José Gonzáles Gonzáles
Louis Jean Heydt
I. Stanford Jolley
Ronald V. Ashcroft
Lt. Commander R. C. Cannon Uscgr
Pete La Roche
A 3 May 1955 Hollywood Reporter news item states that producer Hank McCune changed the title of his production company, Telecraft Productions, to Pacific Coast Pictures, with Wetbacks slated as the company's first film. Information contained in the file on the film in the MPAA/PCA collection at the AMPAS Library lists George J. Waldman Co. in association with the production of Wetbacks; however, no further information has been found to determine the nature of their involvement.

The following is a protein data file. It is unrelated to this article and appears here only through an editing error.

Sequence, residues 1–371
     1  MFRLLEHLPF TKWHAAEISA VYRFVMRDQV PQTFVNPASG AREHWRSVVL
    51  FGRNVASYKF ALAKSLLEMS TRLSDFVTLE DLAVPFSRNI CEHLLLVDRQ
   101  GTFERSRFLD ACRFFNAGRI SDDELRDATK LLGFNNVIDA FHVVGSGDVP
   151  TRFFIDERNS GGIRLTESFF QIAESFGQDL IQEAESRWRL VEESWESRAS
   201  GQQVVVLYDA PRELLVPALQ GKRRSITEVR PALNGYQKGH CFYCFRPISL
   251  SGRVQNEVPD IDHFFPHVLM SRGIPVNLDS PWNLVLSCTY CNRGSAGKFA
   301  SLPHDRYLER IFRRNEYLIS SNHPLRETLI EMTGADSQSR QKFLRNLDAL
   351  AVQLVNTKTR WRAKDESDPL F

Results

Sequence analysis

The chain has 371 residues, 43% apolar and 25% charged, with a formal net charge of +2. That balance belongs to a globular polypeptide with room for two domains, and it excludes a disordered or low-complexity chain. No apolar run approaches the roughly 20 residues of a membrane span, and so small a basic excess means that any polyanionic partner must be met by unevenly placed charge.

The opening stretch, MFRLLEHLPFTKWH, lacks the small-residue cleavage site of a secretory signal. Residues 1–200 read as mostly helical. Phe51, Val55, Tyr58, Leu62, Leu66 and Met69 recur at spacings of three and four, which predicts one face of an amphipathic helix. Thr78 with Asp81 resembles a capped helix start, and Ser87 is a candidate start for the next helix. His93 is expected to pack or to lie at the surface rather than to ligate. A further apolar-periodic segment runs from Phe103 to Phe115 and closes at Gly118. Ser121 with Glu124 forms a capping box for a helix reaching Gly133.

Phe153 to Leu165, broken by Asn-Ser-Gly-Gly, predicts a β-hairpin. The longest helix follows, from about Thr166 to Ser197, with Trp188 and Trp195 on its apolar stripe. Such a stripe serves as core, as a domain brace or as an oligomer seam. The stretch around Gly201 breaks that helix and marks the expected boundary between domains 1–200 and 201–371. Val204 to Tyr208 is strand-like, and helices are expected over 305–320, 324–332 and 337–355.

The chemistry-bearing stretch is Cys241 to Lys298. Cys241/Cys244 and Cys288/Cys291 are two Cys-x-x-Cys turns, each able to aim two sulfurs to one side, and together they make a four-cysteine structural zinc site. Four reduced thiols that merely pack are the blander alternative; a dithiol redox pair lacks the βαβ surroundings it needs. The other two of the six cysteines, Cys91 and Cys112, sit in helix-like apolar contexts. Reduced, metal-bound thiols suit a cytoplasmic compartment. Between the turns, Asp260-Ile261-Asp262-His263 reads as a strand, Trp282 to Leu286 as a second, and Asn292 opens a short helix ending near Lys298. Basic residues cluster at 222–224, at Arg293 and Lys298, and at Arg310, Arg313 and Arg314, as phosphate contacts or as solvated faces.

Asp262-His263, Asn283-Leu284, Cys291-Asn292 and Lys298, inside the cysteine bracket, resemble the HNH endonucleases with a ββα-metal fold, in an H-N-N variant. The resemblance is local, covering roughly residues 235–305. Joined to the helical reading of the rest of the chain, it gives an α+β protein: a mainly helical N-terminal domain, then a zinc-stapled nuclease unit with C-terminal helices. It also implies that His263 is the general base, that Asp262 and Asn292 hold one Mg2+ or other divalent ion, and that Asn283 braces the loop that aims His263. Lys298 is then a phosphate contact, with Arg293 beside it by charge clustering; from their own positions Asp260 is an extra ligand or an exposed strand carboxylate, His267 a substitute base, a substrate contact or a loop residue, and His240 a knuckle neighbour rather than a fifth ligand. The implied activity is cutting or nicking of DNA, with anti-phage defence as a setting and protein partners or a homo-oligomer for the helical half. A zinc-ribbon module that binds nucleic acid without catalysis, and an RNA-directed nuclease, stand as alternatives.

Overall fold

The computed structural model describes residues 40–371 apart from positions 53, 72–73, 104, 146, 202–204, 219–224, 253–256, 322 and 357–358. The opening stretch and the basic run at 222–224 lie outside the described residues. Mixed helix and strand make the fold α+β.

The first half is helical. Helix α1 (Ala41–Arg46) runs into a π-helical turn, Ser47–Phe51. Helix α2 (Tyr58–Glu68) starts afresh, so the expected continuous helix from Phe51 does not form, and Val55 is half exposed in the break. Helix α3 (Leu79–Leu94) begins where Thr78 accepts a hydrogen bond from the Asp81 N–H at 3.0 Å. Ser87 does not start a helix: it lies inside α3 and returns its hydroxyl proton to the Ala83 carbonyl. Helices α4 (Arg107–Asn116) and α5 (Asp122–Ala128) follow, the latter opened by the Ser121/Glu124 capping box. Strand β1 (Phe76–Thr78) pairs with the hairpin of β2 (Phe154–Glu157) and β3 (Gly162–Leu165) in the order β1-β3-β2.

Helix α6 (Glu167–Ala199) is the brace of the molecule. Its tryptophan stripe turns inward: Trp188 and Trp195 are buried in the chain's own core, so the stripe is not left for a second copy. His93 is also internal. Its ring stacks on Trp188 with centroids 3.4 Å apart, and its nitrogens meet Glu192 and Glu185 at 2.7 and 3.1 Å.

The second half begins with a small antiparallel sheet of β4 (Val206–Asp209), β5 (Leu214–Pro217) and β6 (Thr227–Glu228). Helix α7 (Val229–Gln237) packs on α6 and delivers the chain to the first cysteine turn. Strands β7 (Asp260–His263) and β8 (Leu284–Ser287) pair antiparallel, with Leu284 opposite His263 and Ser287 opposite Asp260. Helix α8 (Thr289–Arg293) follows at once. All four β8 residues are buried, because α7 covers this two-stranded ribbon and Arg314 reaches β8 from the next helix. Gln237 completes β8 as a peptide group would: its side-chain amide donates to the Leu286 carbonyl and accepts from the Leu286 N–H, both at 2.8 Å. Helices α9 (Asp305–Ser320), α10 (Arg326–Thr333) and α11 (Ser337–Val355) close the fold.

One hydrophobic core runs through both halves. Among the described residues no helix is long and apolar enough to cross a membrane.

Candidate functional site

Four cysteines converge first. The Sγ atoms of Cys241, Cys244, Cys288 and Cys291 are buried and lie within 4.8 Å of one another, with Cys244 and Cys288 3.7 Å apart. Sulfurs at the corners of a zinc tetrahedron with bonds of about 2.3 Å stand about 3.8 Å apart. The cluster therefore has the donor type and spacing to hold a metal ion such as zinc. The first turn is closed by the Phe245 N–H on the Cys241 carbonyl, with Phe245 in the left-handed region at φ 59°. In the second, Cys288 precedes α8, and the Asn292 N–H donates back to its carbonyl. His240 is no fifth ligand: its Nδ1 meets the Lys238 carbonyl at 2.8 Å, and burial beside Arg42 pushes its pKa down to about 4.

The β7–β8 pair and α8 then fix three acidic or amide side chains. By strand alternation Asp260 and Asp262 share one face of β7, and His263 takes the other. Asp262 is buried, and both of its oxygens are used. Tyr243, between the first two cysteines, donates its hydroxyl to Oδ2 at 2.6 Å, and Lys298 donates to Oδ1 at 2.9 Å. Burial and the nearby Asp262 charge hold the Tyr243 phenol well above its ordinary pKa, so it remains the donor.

According to a May 3, 1955 Hollywood Reporter news item, the film's interiors were to be shot at Westfilm Studios. A May 24, 1955 Daily Variety news item stated that filming began on May 4, 1955 on Catalina Island, but was halted after approximately two weeks due to a labor dispute between McCune and the actors. The actors protested that according to their SAG contracts, McCune owed them nine hundred dollars in back salaries. McCune was not allowed to resume shooting until the back salaries were paid, and certified checks for advance salaries for the actors as well as other guild and union members were issued. Production restarted in early July 1955. According to the film's pressbook, filming also took place in Mexico, while Hollywood Reporter production charts additionally list San Pedro, CA. The technical director, Lt. Commander R. C. Cannon, was an officer in the United States Coast Guard Reserve. Contemporary sources note that the Coast Guard provided the production with technical advice and equipment.